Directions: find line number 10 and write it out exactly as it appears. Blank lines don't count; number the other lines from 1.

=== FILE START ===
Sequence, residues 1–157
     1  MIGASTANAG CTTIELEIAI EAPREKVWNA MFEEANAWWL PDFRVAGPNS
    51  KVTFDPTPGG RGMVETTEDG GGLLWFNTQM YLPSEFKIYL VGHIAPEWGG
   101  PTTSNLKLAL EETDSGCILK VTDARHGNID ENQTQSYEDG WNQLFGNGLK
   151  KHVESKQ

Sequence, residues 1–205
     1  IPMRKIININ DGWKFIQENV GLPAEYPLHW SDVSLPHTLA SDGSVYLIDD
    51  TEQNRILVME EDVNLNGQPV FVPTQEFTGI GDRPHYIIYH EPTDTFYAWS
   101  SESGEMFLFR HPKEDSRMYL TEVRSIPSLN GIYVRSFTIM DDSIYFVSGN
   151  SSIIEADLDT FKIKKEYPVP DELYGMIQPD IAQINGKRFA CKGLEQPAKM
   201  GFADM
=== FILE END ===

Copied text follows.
   151  SSIIEADLDT FKIKKEYPVP DELYGMIQPD IAQINGKRFA CKGLEQPAKM